On the contrary, the committee’s concern is that Iran might feel frustrated if it is barred from Western markets. It worries that the nuclear deal could be imperilled by “a hostile US administration”, and that US sanctions “remain a serious impediment to attracting new finance and investment into Iran.” As regards what might be done to contain a rampant Iran, the committee throws its hands in the air, but can’t avoid a dig at the US at the same time. “The international community is limited in its capacity to respond to Iranian provocation in the region, but the approach by the US has a dangerous escalatory logic.”

        So, wishing for the moon, the Committee suggests that the “external parties” to the Iran nuclear agreement should “find a way” to form a united and proportionate international position on Iranian actions. When one considers that these “external parties” include not only the US but also Russia and China, the committee’s recommendation becomes so much wishful thinking – a replica of the UN Security Council hamstrung by the veto.

        Reinforcing its policy of weak appeasement, the Committee concludes that the external parties “will also have to recognise that Iran has legitimate security interests and needs to be recognised as having a role as a regional power.”

        Regarding the Israel-Palestine issue, the witnesses selected to be heard by the committee were, without exception, out of sympathy with Israel. The committee heard no evidence of any sort critical of past or present Palestinian policies. It did not probe the Palestinian failure during the numerous peace initiatives of the past decades to come to an accord with Israel. It heard nothing of the possible effect of leaving a new sovereign Palestine on the West Bank unprotected against Hamas, nor of the associated security concerns of Israel in that event. In fact the Committee entirely ignores the presence of Hamas in the Gaza strip, ruling some 2 million Palestinians.

        The Committee seems focused on the idea that Israel, in the words of one of its witnesses, “holds all the cards” and that “more political robustness” is needed by the UK. So, roundly condemning past and present settlement construction as “illegal and an impediment to peace”, the Committee asserts that “the balance of power in the delivery of peace lies with Israel. If Israel continues to reduce the possibilities of a two-state solution, the UK should be ready to support UNSC resolutions condemning those actions in no uncertain terms.”

        Moreover the Committee urges the UK government to associate itself with the French-led initiative aimed at obtaining international recognition of Palestine as a sovereign state if no face-to-face talks can be organized. This initiative surely carries within it the seeds of its own failure. If Palestinian leaders know in advance that they will gain international recognition provided there are no negotiations, why on earth should they agree to negotiate? Even given the partial and skewed evidence the committee received, it is difficult to perceive how it can believe that recognizing the Palestinian Authority as a state could advance an Israeli-Palestinian agreement. All the major issues that have frustrated past attempts will remain unresolved – the refugee problem, the status of Jerusalem in general and the holy places in particular, Israel’s security, the future of Gaza, the eternal Hamas-Fatah feud.

        This report is shallow, biased and inadequate. Take it back, my Lords, and try again!

Published in the Jerusalem Post on-line, 20 May 2017:

Oublished in the MPC Journal, 22 May 2017:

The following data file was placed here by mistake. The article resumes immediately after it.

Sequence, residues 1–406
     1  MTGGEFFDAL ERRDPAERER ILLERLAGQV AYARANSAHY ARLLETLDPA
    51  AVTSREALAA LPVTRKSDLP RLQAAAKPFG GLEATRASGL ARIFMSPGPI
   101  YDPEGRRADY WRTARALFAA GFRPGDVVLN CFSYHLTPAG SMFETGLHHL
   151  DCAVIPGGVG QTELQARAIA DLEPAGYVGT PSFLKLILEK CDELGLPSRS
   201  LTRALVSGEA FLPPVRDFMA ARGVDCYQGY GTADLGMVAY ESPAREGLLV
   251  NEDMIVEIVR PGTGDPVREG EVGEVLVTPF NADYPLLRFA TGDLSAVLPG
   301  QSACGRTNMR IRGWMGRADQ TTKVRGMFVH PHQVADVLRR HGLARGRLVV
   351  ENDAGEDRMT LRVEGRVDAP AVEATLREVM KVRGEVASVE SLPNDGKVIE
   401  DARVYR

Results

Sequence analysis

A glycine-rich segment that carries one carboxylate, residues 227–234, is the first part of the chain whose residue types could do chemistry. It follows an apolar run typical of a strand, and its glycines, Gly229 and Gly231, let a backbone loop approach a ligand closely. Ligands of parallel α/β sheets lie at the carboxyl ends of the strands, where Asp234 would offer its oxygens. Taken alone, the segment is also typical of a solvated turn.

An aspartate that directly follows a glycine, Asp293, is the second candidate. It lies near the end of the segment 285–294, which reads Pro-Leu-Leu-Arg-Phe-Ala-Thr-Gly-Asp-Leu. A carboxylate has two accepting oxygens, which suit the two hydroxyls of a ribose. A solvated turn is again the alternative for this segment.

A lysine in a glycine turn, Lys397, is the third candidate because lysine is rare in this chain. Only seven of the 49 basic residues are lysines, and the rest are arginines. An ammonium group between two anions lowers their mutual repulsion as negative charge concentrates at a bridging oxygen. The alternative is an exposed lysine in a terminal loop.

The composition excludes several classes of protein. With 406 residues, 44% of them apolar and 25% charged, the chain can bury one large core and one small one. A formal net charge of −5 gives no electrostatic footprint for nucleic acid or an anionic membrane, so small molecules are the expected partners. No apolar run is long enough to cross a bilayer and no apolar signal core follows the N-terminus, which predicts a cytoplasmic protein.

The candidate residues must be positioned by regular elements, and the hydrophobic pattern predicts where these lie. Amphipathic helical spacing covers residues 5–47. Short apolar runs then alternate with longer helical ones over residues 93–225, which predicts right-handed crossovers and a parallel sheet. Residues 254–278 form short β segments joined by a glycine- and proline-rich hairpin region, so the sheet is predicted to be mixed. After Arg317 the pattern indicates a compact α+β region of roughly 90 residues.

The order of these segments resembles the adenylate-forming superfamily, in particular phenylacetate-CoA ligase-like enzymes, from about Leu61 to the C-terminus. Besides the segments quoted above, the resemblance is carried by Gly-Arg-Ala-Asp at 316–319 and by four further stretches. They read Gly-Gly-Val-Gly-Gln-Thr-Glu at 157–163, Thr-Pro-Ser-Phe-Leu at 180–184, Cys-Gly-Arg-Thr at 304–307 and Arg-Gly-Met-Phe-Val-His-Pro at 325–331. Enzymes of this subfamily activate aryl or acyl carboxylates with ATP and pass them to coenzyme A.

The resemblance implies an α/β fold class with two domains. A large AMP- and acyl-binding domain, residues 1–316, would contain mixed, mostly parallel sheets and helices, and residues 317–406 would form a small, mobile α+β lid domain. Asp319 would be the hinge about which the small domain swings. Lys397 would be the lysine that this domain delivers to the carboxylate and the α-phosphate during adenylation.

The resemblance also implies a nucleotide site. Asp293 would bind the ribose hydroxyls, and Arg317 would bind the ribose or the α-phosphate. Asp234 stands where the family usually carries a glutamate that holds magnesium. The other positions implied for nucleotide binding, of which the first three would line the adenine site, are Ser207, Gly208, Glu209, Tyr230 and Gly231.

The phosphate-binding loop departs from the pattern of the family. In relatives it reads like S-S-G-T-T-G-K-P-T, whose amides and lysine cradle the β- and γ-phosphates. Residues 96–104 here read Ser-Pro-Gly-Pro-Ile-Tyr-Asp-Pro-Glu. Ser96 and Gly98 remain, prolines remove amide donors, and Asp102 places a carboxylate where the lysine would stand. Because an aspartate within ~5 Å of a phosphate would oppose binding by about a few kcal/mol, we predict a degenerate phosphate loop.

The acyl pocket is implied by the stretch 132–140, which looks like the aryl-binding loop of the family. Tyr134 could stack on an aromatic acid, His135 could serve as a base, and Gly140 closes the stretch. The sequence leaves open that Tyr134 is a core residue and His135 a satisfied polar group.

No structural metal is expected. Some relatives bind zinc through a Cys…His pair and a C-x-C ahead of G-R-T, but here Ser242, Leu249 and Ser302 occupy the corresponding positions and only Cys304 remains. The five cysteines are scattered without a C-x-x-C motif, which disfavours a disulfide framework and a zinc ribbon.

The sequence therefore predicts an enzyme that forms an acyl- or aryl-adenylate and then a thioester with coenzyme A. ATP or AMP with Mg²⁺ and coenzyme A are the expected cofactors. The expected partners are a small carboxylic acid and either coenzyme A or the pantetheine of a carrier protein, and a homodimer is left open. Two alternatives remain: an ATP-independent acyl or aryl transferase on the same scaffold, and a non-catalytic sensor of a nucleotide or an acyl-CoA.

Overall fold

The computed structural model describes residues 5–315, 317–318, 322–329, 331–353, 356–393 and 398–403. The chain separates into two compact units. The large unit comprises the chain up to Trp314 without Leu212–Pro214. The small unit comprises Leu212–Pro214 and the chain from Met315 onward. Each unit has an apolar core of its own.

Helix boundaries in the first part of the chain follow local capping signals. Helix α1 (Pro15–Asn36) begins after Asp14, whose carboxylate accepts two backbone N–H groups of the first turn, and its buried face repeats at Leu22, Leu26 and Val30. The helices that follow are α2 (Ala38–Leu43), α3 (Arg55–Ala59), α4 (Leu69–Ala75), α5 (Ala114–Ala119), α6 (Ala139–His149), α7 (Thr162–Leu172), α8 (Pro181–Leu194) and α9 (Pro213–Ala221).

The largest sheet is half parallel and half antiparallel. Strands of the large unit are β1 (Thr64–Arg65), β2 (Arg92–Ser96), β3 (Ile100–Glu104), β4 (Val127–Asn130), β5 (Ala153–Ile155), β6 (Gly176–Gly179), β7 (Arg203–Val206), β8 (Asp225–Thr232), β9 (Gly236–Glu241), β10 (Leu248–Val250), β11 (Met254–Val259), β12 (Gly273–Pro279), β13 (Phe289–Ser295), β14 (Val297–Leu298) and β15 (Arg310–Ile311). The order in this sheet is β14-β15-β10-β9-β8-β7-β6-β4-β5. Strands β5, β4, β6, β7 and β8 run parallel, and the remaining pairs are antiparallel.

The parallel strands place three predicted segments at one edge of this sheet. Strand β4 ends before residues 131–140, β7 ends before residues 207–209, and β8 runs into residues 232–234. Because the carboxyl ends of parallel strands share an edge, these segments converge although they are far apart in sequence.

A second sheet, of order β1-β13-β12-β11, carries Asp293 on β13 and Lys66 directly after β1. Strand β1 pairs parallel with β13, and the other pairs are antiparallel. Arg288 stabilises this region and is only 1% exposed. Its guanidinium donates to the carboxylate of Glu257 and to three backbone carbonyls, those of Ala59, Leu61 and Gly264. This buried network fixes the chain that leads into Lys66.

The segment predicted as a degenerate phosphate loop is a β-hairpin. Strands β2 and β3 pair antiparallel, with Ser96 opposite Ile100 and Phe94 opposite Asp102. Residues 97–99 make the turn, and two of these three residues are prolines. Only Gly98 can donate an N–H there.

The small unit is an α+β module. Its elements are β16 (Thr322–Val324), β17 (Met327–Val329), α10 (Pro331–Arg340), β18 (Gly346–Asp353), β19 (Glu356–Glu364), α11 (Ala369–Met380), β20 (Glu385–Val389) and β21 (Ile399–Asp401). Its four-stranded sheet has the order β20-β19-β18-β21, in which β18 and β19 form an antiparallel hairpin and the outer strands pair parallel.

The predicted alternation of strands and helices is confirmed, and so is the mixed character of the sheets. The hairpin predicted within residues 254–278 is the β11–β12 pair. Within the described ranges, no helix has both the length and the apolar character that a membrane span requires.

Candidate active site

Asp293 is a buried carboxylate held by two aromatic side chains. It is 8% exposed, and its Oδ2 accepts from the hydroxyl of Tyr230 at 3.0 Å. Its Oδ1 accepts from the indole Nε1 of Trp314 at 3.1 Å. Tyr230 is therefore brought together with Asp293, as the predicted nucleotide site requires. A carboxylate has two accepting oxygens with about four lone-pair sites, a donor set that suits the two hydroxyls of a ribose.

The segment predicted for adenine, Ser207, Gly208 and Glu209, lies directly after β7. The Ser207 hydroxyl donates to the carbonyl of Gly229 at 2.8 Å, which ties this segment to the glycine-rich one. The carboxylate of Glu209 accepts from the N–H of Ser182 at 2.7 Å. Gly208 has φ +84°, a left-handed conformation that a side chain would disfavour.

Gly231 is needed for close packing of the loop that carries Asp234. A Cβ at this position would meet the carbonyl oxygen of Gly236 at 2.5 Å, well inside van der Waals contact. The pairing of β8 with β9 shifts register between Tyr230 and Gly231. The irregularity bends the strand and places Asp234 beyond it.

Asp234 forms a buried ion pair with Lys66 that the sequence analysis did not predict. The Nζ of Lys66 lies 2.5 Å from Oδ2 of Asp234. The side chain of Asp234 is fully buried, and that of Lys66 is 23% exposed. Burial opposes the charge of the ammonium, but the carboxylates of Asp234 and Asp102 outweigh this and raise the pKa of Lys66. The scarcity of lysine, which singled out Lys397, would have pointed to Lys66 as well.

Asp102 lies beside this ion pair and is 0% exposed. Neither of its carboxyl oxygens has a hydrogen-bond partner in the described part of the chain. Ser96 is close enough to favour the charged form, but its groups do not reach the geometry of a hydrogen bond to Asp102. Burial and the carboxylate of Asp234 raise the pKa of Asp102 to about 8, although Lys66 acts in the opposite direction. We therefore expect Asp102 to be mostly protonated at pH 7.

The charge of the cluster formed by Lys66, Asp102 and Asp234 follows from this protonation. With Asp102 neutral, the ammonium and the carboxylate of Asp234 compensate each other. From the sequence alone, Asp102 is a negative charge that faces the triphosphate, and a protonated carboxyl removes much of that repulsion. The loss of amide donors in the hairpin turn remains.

[Next posting Saturday, 27 May 2017 at 10.30 pm GMT]

Saturday, 13 May 2017

Can deal-maker Trump facilitate Israeli-Palestinian peace?

        US President Donald Trump has one attribute that his greatest friends and most impassioned enemies are agreed on – he is a great deal-maker. Deal-making has been the key to his business success, which has been considerable. And way back in the 1980s he co-authored “The Art of the Deal” which reached number 1 on the New York Times Best Seller list, and stayed there for 13 weeks.

        So when Trump declares, after meeting Palestinian Authority (PA) President Mahmoud Abbas, that he believes he can foster an Israel-Palestinian peace deal, perhaps the world should take notice. On 3 May 2017 Trump remarked: “I’ve always heard that perhaps the toughest deal to make is the deal between the Israelis and the Palestinians; let’s prove them wrong…I think there’s a very, very good chance.”

        Such an undertaking would certainly represent a challenge for this master in deal-making, but nothing in his business career suggests that Trump is one to duck a challenge. In fact the Trump-Abbas meeting was an object lesson in how a successful deal-broker might manage the preliminary stages of a particularly complicated and delicate operation. Take two small, yet highly significant, indicators.

        How often do you see the president of the United States position himself in front of any flag other than the Stars and Stripes? But examine the photographs of Trump and Abbas at the media conference that followed their one-on-one discussions. The leader standing in front of the American flag is Abbas; Trump is placed in front of the flag of the putative state of Palestine. Trump agreed to this symbolic gesture, it is reported, at the specific request of the PA.

        On the other hand, scrutinize every word said publicly by Trump during Abbas’s visit, and you will fail to find one mention of a Palestinian state or any reference to the two-state solution. Prominent member of the Palestine Liberation Organization's Executive Committee, Hanan Ashwari, remarked afterwards: "He made sure he never mentioned Palestine — you noticed that, yes?"

        So, on the one hand he accorded Abbas every honour feasible, real and symbolic; on the other he bowed to the susceptibilities of the Israeli government, leaving open the possible process of setting up a viable new peace negotiation and also any desired outcome.